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Working To Ensure The Paua Fishery Survives

Thursday 7 August 2014

Jeremy Cooper looks over the Marlborough Sounds from the steps of the Waikawa Boating Club and talks of paddocks instead of sea.

Some blocks of a farm do better than others and so do some underwater habitats, says the chief executive of the Paua Industry Council (PIC), who wants fishery rules to reflect that.

He talks of a headland at the top of Marlborough’s D’Urville Island with two divergent sites separated by just half a kilometre.

On one side paua grow above the blanket New Zealand legal size of 125mm and at the other side they die of old age without ever reaching it.

“Imagine how stupid it would be with humans if we said ‘right you can’t get your licence until you’re 150cm and you can’t get married until you’re 160cm’. But that’s how we manage fish,” Jeremy said.

“I’m a dairy farmer and all I’m teaching these guys to do is manage on a paddock scale.”

The murmur of a commercial paua meeting drifts out a door behind him, as shelving quota, adjusting size limits, translocating paua and investing in reseeding are debated at the AGM of PauaMAC7, the commercial paua industry management area council for the top of the South Island.

This is a notoriously hard region to get a mandate from. Some quota holders are unconvinced by sustainability measures and others not concerned that recreational and customary fisheries can reap the rewards from commercial’s investment.

But by the end of the meeting, PauaMAC7 chairman Barry Chandler is smiling, with unanimous agreement that the 20 percent shelving of the past two years will continue and go up to 30 percent next year.

They have also voted for a voluntary increase in take size from 125mm to 126mm from October 1 this year and to 127mm the following year.

“That’s about leaving more fish in the water to spawn for another season,” said Barry. “It may take a year or two or five, but the biomass is going to rebuild, because every commercial stakeholder is taking less fish by weight.”

The focus has been to get everyone as close to being on the same page as possible, he said. “We want unity to ensure the fishery is buoyant for the next generation.”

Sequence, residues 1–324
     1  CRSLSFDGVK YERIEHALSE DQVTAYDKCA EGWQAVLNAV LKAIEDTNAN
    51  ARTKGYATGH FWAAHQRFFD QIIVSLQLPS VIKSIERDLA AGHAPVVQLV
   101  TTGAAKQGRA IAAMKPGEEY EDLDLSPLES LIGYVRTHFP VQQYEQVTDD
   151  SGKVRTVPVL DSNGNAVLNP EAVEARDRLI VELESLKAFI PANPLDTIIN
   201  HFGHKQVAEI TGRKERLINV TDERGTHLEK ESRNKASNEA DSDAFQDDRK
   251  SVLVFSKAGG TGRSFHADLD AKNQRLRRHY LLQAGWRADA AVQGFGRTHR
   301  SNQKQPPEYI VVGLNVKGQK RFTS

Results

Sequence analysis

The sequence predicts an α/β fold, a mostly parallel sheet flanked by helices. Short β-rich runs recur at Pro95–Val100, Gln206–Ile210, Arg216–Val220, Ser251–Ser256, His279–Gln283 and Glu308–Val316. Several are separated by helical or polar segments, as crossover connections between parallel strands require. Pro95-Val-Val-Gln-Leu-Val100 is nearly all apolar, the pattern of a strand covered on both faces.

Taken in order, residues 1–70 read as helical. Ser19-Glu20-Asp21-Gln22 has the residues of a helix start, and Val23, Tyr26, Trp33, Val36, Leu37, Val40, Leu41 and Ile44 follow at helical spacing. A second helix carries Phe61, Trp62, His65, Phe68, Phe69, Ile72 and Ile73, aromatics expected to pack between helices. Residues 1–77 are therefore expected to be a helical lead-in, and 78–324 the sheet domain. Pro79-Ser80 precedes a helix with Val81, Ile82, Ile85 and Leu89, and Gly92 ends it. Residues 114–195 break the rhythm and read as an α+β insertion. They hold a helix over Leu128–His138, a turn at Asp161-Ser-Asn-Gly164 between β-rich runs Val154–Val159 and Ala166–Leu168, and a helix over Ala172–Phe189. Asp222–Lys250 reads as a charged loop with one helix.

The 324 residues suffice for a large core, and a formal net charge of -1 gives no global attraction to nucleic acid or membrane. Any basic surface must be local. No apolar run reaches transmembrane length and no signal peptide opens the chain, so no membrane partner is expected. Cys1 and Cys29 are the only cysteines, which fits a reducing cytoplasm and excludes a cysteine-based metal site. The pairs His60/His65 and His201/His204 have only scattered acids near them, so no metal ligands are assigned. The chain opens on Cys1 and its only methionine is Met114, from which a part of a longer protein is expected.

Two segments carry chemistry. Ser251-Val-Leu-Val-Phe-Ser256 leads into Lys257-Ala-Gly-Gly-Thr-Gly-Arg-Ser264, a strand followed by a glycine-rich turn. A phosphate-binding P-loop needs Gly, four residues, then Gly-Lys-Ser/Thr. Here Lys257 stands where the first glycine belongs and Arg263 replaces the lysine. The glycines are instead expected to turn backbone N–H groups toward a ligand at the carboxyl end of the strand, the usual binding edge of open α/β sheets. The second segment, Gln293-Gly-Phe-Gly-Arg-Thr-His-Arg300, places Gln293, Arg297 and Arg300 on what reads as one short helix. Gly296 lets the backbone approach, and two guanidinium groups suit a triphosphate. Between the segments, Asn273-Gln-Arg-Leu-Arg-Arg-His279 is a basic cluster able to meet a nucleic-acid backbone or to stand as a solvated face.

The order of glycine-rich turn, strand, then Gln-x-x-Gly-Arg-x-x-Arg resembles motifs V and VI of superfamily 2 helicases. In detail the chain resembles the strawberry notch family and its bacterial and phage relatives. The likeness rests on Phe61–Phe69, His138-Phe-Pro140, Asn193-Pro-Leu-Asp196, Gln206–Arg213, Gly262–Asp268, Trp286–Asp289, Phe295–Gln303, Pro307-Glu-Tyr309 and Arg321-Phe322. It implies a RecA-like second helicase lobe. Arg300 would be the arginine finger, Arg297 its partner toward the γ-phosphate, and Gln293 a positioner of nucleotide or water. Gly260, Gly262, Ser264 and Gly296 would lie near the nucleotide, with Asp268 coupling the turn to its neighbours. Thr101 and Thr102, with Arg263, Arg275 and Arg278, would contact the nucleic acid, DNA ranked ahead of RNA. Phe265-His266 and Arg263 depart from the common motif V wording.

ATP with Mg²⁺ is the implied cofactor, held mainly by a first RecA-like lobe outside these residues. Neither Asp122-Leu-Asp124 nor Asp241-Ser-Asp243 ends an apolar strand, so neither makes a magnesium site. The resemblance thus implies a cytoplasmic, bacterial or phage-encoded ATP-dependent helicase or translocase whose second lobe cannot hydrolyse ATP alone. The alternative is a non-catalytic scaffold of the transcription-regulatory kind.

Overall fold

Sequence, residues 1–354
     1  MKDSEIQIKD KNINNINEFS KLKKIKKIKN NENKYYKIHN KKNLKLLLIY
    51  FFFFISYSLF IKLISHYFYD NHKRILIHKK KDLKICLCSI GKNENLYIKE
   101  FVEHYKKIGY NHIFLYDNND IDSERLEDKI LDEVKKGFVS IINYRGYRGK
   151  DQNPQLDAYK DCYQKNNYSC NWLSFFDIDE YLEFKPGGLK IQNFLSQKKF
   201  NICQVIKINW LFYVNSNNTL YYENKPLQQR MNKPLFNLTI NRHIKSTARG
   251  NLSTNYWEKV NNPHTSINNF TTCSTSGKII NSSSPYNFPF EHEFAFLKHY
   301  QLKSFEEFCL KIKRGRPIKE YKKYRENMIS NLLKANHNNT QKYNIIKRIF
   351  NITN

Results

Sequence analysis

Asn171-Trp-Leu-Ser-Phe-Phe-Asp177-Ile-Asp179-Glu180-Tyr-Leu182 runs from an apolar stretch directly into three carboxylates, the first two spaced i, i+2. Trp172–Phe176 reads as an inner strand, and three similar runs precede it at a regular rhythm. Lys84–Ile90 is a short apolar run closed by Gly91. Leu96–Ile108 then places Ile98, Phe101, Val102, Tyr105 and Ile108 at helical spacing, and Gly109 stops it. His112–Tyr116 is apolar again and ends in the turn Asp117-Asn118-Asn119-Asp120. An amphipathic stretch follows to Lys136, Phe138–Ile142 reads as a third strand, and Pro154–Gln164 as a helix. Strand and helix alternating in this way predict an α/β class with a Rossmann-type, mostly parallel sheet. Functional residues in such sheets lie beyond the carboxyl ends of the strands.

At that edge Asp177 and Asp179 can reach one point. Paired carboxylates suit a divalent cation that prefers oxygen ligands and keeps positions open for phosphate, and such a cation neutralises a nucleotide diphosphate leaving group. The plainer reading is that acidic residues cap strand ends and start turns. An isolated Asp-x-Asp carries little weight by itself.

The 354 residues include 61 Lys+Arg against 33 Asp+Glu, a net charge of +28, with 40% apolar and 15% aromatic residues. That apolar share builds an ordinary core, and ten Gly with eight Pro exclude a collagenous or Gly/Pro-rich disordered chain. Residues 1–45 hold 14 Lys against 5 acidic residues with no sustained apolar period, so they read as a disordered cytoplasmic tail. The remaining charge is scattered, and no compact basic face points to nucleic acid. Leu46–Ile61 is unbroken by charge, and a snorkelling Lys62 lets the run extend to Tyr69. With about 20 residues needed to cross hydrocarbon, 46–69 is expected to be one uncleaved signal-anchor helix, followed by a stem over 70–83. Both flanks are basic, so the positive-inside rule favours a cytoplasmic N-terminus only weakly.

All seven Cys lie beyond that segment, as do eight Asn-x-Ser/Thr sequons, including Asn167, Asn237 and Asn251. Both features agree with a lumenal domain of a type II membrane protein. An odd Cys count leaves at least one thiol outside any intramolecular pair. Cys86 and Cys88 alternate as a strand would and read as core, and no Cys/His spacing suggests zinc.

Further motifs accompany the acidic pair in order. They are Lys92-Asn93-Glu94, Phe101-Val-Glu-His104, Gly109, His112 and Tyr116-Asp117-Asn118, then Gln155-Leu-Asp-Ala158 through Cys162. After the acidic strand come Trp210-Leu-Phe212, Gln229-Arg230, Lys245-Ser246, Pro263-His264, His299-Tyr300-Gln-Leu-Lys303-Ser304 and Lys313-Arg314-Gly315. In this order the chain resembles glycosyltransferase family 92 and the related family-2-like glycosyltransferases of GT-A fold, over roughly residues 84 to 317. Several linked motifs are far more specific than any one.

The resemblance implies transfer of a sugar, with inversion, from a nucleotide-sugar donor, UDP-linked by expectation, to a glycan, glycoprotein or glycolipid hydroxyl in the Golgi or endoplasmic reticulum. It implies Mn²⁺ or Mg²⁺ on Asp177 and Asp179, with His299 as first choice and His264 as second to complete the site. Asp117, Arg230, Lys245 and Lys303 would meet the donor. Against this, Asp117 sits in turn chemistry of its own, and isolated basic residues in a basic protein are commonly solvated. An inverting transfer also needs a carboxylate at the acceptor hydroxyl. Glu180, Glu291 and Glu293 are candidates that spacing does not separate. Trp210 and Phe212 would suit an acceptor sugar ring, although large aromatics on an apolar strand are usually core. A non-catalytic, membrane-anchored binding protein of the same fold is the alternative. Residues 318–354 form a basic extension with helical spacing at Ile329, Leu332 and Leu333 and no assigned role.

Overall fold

An executive meeting a few weeks later yields more results with agreement on “spread of catch” where each parcel of quota will be split into thirds and caught over specific months, so the market demand of Chinese New Year doesn’t see every diver go “hammer and tongs” on October 1.

The PauaMAC7 executive and PIC have worked for years to get these measures across the line in order to save a fishery impacted by a raft of environmental issues, from increased run-off and sedimentation to ocean acidification and decreasing seaweed beds, says Jeremy.

The advent of the Quota Management System in 1986 saw the PauaMAC7 TACC (total allowable commercial catch) set at 267 tonnes, then cut back to 187 tonnes.

PauaMAC7 has spent around a million dollars in the past decade on reseeding juvenile paua and also has a translocation programme which takes 80mm “stunted” fish from poor habitats to sites in faster growing areas.

“We’ve had a science-based and science-approved project with some amazing results,” said Barry of the translocation. “Now we’re trying to work with MPI (the Ministry of Primary Industries) to upscale it.”

To speed up the rate of rebuild, quota holders have opted for voluntary shelving of another 20 percent over the past two years.

Barry said the commercial industry is often portrayed as the bad guys who “go out and rape and pillage the sea”, but PauaMACs around the country are increasingly taking responsibility for their own destiny.

Stewart Island Success

Jeremy said Stewart Island is a shining example, with PauaMAC5 (the bottom of the south paua fishery) using voluntary measures to rejuvenate paua stocks there.

Fish were so quick to grow at Stewart Island that when they reached the legal minimum size of 125mm they were only just reaching maturity, he said.

The industry increased the minimum take size to 135mm which allowed the fish to have at least two reproductive years before becoming available.

The result has been remarkable, with divers now seeing far more juveniles and a fishery that is now ready for an increase in its TACC, Jeremy said.

However, despite such good news stories, it can be difficult to convince the majority to get on board with voluntary measures when a minority can ignore the decision and “make an absolute killing”, he said.

The PIC therefore wants PauaMAC decisions to be given teeth, with government regulatory support for voluntary measures that are sensitive to variances in season and habitat.

“There’s a real groundswell happening where industry is saying ‘we’ve had a Quota Management System for 30 years and how can we improve it?’ This is one of the very things we have to improve.

“We are saying MPI should devolve some of the responsibility to us, because we are the ones at the coalface and the ones who can make the timely, subtle changes to better balance catches with Mother Nature’s recruitment and productivity pulses.”